We also observed that on considering ELISA as a reference standard, CLIA showed low sensitivity (HBsAg 71.43%; anti-HCV 75%) with high specificity (HBsAg 97.77%; anti-HCV 99.7%). PPV of CLIA was also found to be low for both HBsAg (31.25%) and anti-HCV (50%), thus high false positivity was noted. Testing with CLIA resulted in a higher wastage of the resources due to discarding of blood components labeled as seropositive. The various reasons for false-positive results are testing with lipemic samples, cross-reactive antibodies, and interfering substances present in the serum.[11],[12],[13] False-positive results cause psychological stress to the donors when they are notified about the results of screening.[18],[19],[20],[21],[22] In spite of this, higher false-positive results are more acceptable than missing out on true positives and compromising the blood safety.[20]

It is known that ELISA shows high sensitivity and specificity but is not suitable for use in emergency situations such as screening of rare blood group donors and predonation screening of apheresis donors due to its high TAT (3–4 h) as compared to RDTs and CLIA (~30 min).[23] Taking into cognizance the poor performance of RDTs, CLIA seems to be a better screening assay as it is exclusively available on an automated platform with the inherent advantages of automation such as increased sensitivity, high-speed throughput, multi-analyte analysis on a single platform, low consumption of reagents, and high stability of their reagents and conjugates. Apart from these, the additional advantages are a short TAT and random access as compared to automated ELISA, thus making it more suitable for use in emergency situations and predonation apheresis donor screening. However, the disadvantages of CLIA are high number of false positives, cost, technical expertise, and regular equipment maintenance to maintain reproducibility of the assay.[24],[25] Despite the disadvantages of CLIA, it still seems an optimum screening assay.

Another interesting finding in our study was that three donor samples tested for HBsAg (reactive by all the serological assays) were missed by TMA and further testing of these samples by qPCR revealed a low viral load ranging from 29.7 IU/ml, 79.2 IU/ml, and 7.08 × 102 IU/ml, respectively. Nübling et al. have also reported that breakthrough transmission of HIV and HCV due to molecular assay failures is possibly due to low viral load and/or suboptimal amplification efficiency of the molecular assay.[26] Despite having sensitive screening assays available, there is a chance that qualitative molecular assays can miss low viral loads; therefore, provision of zero risk blood still seems a distant dream for BTS. Therefore, there is a need to test the blood donor samples by both serological and molecular assays simultaneously so that the samples missed by one technique may be picked up by the other, thus, improving the overall blood safety from TTIs. Even in this era of molecular screening assays, the importance of serological screening assays cannot be undermined.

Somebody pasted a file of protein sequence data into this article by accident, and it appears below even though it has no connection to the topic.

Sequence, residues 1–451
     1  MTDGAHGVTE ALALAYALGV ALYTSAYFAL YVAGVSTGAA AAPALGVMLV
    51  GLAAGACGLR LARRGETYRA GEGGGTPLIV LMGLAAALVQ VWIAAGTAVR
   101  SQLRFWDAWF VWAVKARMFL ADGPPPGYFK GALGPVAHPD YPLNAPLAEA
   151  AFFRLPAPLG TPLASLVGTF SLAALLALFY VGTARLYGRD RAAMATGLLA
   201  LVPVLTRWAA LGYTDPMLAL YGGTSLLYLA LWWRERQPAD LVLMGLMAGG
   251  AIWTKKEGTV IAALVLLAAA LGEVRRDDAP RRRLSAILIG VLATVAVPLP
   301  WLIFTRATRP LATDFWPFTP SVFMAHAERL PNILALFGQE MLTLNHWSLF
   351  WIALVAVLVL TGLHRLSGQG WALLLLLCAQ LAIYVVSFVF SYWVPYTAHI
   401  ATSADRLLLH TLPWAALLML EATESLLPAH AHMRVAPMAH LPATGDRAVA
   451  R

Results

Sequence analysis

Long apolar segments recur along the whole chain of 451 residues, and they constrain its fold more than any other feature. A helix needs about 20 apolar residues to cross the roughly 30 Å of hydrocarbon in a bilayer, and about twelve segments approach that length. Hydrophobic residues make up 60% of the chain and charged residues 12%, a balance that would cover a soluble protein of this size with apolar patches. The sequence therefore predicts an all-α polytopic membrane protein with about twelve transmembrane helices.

The strengths of our study were (i) large sample size, (ii) depicted the actual scenario of testing donated blood, (iii) highlighted the significant differences between observed and manufacturer claimed sensitivities for RDTs, and (iv) it also highlighted the strengths and shortcomings of CLIA as a screening assay. However, our study was not without limitations. First, it was done at a single center. Second, molecular testing could not be performed on all the samples due to resource restrictions. The results for HCV should be interpreted with caution as only one sample was found to be true positive for HCV by both TMA and qPCR.


  Conclusion Top


The performance of CLIA as a screening assay was better as compared to RDTs. ELISA would be ideal in BTS where batch testing of blood donor samples is the norm, whereas CLIA seems to be a suitable screening assay for BTS where we come across emergency situations, centers providing round-the-clock transfusion services and predonation apheresis donor screening due to short TAT and random access. Consideration may be given to use of RDTs as supplemental assay due to its high specificity and PPV prior to donor notification to prevent psychological stress of donors due to false-positive results of CLIA/ELISA. Detection of low viral load samples by molecular screening assays highlights that to ensure blood safety, there is a need to test donor samples with both serological and molecular assays.

Financial support and sponsorship

Nil.

Conflicts of interest

There are no conflicts of interest.



 
  References Top

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World Health Organization. Screening Donated Blood for Transfusion-transmissible Infections: Recommendations. Geneva: World Health Organization; 2009. Available from: https://www.who.int/bloodsafety/ScreeningTTI.pdf. [Last accessed on 2018 Dec 12].  Back to cited text no. 1